Christianity 201

October 13, 2017

Achieving Results on Human Strength Alone

Numbers 20:11 Then Moses raised his hand and struck the rock twice with the staff, and water gushed out. So the entire community and their livestock drank their fill.

Today we have an excerpt from a brand new book by Skye Jethani, Immeasurable: Reflections on the Soul of Ministry in the Age of Church, Inc.; published by Moody Press.  Although the book is written for pastors and church leaders, there are principles here that I believe have a much broader application for the mature Christ-follower.

Effectiveness

…In Numbers 20, Moses has just led the people of God out of Egypt and into the wilderness.  There they begin to complain about not having any water. They’re ready to riot against Moses.  So he falls on his face before the Lord in the tabernacle and prays for a solution.  God says to him, “Speak to the rock and it will bring forth water for the people and their animals.” (see Num. 20:8).

Something happened to Moses after leaving the presence of God, however, and rather than speaking to the rock as he had been commanded, Moses struck it twice with his staff.  Incredibly, a miracle happened anyway. Water flowed abundantly.  The people were saved. Moses was a hero.

Now consider the scene from a human point of view, or from the perspective of the Idol of Effectiveness.  Was Moses’ ministry effective? Absolutely! By any human standard, Moses was an effective leader. Was his ministry powerful? Yes, a miracle occurred! Was Moses’ ministry relevant? Clearly. It’s difficult to be more relevant than giving water to thirsty people in a desert. Was his ministry strategic? Without a doubt. He equipped the people with what they needed to reach their goal, the Promised Land. If Moses were here today, he’d be selling books on 3 Steps to Drawing Water from Rocks.  He’d be speaking on the ministry conference circuit and hosting webinars for dehydrated churches. From a human perspective, Moses was outrageously effective.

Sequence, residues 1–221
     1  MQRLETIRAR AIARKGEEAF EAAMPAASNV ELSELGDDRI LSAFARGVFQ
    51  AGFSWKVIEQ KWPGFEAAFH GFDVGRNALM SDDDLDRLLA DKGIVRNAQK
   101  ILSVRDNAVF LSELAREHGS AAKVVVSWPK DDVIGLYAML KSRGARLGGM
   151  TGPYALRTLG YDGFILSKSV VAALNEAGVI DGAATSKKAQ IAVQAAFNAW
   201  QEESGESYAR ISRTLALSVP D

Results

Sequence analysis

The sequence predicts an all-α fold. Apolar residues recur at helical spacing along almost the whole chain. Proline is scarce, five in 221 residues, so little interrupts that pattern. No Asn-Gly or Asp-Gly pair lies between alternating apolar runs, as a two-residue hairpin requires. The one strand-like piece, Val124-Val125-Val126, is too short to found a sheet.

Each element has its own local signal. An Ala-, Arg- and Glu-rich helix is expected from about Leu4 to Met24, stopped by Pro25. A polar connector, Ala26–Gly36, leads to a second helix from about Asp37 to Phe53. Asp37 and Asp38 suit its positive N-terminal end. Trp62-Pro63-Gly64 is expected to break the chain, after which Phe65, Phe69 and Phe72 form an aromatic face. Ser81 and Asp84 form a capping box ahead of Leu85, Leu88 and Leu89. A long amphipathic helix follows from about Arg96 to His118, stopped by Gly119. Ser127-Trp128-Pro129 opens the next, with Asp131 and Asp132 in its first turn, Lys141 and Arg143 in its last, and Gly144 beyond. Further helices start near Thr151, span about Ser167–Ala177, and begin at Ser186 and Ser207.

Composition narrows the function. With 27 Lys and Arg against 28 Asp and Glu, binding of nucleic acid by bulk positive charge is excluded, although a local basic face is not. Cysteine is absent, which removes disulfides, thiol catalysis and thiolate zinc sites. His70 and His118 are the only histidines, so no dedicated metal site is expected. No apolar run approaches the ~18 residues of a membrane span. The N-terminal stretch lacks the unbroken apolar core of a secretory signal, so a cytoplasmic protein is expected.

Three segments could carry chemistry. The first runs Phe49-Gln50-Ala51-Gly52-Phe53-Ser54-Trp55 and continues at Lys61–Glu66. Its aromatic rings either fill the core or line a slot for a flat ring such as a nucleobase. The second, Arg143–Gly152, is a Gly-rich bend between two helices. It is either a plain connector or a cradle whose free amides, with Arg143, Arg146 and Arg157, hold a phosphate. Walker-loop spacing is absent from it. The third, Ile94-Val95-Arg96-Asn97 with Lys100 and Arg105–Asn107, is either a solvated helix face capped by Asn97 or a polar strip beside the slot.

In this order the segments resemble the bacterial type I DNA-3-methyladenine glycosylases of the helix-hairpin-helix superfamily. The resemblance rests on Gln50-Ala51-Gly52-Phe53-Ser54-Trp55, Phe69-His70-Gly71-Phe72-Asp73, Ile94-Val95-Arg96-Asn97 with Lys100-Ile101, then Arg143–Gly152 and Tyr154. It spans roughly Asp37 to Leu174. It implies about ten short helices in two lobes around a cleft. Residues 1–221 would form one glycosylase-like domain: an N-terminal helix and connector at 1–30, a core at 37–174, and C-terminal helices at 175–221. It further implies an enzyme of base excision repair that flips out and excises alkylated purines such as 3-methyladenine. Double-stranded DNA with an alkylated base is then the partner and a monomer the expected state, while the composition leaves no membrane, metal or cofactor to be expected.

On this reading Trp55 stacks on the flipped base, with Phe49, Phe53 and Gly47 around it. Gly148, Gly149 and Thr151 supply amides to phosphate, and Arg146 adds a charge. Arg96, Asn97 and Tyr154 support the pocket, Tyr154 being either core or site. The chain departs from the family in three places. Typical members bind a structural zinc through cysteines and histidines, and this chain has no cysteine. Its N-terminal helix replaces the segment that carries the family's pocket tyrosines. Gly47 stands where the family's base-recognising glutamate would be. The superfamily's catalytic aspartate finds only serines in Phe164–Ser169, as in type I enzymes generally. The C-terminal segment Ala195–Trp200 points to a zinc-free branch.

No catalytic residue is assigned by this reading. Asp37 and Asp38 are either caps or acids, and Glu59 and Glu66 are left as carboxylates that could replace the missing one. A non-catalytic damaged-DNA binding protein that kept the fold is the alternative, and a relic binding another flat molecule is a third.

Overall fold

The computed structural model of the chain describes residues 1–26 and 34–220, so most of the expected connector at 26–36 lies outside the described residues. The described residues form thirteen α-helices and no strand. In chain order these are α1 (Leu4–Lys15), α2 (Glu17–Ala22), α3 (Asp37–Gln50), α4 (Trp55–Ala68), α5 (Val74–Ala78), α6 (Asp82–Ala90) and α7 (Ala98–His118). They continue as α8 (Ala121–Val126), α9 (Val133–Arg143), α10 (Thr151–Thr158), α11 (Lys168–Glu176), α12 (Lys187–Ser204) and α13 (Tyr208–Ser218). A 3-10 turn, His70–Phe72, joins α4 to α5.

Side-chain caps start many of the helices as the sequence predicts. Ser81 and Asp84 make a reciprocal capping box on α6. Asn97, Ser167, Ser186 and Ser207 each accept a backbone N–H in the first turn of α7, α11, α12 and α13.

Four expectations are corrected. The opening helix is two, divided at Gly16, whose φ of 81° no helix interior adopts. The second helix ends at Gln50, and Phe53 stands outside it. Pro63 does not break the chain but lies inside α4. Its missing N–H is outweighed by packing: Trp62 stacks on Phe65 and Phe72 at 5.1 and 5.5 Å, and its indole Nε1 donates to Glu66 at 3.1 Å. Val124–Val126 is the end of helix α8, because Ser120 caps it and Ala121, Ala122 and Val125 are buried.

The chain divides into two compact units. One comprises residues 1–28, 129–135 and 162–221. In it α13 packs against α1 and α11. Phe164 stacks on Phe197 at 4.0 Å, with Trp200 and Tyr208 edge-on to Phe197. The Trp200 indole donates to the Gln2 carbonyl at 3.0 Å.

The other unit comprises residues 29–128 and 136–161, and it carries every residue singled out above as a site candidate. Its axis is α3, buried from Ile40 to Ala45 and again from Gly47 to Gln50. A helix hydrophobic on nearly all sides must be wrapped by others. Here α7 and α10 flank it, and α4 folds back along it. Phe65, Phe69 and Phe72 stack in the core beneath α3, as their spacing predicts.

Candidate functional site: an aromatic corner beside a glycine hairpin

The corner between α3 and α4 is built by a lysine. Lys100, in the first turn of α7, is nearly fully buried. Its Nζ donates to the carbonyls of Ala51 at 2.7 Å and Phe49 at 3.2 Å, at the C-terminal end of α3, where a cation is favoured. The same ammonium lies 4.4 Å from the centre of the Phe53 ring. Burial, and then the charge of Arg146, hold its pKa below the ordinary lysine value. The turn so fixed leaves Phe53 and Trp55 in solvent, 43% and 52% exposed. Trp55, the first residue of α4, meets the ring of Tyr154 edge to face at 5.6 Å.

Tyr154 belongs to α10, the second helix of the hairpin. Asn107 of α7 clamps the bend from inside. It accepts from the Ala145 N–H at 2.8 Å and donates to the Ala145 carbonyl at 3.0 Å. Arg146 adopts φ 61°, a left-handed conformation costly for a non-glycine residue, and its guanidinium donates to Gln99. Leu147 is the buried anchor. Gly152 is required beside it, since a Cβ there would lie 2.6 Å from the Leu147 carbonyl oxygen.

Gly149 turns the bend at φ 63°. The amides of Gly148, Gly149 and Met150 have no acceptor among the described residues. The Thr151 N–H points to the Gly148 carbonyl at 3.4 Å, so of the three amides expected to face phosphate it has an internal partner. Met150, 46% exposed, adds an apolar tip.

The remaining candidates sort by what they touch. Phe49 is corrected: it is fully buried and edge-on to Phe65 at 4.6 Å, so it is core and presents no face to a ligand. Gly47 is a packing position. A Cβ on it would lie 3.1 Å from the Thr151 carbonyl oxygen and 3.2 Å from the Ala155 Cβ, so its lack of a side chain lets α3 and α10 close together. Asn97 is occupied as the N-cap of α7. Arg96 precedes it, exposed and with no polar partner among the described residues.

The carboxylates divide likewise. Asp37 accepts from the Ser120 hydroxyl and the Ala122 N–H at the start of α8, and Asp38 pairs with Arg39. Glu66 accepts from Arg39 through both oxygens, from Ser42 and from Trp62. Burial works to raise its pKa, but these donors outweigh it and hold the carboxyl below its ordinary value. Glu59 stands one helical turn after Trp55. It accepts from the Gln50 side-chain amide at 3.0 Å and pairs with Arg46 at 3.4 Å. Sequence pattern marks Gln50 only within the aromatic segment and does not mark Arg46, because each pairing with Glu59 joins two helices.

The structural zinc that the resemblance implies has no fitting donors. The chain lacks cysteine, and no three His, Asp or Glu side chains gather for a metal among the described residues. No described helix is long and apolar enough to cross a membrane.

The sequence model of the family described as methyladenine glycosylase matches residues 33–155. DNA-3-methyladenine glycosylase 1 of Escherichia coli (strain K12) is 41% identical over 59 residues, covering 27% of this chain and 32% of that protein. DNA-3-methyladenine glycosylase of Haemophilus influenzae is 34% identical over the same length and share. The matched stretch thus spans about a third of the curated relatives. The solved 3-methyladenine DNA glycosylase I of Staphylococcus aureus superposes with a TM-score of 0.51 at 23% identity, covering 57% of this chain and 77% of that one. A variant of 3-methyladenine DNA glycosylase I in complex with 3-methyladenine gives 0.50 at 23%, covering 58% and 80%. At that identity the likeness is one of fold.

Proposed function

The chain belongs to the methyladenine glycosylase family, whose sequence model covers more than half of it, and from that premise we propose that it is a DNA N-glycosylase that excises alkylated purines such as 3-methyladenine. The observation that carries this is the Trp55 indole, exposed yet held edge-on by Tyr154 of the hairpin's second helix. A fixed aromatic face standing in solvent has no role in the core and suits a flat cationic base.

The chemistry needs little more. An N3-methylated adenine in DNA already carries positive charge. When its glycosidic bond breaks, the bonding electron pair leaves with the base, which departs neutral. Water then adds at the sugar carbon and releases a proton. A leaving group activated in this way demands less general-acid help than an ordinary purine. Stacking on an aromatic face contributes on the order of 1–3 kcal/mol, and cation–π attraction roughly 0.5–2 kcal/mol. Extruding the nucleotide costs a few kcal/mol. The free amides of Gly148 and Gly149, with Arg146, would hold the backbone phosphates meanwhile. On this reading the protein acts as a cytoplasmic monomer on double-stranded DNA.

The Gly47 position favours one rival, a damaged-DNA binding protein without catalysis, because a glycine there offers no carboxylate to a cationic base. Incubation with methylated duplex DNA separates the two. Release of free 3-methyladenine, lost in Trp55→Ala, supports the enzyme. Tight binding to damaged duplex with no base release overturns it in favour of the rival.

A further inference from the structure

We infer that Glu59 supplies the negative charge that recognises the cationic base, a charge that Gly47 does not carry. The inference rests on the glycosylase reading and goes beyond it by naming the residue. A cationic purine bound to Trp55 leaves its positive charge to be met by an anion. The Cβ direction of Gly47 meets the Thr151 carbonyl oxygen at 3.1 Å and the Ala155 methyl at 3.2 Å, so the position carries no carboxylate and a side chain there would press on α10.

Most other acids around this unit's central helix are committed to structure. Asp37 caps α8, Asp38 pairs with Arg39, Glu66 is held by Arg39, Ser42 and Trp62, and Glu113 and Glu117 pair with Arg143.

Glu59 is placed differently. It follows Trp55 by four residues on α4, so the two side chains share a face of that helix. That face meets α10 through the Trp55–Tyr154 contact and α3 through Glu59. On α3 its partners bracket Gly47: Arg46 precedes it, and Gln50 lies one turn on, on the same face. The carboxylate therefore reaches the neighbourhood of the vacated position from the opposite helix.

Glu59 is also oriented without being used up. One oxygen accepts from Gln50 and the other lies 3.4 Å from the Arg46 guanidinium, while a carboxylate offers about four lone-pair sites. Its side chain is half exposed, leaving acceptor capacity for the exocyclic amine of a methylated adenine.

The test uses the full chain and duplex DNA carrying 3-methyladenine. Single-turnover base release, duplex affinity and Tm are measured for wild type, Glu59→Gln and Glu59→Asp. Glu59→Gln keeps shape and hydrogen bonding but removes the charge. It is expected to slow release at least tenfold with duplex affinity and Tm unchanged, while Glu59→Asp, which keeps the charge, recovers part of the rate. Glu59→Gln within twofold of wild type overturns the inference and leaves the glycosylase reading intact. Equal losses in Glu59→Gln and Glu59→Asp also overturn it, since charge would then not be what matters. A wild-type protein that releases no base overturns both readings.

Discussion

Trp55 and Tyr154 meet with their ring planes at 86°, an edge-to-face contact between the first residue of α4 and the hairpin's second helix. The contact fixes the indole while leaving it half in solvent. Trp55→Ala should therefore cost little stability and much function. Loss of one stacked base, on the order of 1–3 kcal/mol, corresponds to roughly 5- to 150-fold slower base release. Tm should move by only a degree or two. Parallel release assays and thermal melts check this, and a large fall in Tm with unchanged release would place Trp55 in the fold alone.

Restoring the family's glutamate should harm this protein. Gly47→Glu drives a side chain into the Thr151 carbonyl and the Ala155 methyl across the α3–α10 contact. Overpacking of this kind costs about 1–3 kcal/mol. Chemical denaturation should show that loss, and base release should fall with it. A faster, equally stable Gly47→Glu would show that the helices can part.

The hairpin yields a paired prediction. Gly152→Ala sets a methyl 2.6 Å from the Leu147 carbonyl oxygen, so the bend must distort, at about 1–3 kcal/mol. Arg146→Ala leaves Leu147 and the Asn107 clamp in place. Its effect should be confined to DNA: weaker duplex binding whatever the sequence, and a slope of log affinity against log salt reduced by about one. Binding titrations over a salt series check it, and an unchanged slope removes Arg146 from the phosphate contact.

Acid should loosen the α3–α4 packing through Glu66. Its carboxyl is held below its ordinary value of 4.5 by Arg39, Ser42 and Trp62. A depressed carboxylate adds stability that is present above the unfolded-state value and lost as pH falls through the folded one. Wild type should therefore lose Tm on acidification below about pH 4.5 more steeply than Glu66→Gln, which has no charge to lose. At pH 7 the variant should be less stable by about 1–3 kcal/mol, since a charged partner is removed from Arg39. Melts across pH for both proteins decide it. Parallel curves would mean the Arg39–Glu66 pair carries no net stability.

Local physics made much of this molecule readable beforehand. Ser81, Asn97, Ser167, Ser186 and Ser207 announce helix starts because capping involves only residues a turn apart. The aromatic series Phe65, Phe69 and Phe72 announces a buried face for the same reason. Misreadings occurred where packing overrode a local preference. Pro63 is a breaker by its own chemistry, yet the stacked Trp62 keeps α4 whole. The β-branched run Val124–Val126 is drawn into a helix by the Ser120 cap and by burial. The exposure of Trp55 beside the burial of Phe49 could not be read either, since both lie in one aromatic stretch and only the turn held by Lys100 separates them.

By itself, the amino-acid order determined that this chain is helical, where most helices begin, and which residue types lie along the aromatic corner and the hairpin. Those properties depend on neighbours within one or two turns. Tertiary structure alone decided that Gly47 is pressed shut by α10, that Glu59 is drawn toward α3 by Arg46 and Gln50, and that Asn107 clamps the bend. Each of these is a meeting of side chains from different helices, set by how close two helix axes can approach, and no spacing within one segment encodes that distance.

But what about from the Lord’s perspective? Not so much. God was far less impressed.  In fact, Moses was punished severely for his disobedience. He was forbidden from entering the Promised Land. Instead, the Lord determined he would die within sight of it. Why? Because God does not judge our effectiveness. He judges our faithfulness. It’s clear in Numbers 20 that God decided to perform a miracle in spite of Moses, not because of him.

So, when we focus on effectiveness, we are focusing on the wrong fruit. We assume that if people are coming to faith, if the church is growing, if the world is changing, then we must be right with God. But in fact God may be working in spite of us, not because of us. And here’s the real truth we don’t like to admit — every time God works, it is in spite of us. He does not need us to accomplish His work. If He did, He wouldn’t be a God worthy of our worship. There is an important truth that ministers need to hear as much as, if not more than, everyone else: God does not need you.  He wants you.  He did not sent His Son to recruit you to change the world. He sent His Son to reconcile you to Himself. Your value to God is not in your effectiveness, but in your presence…

pp25-26

 

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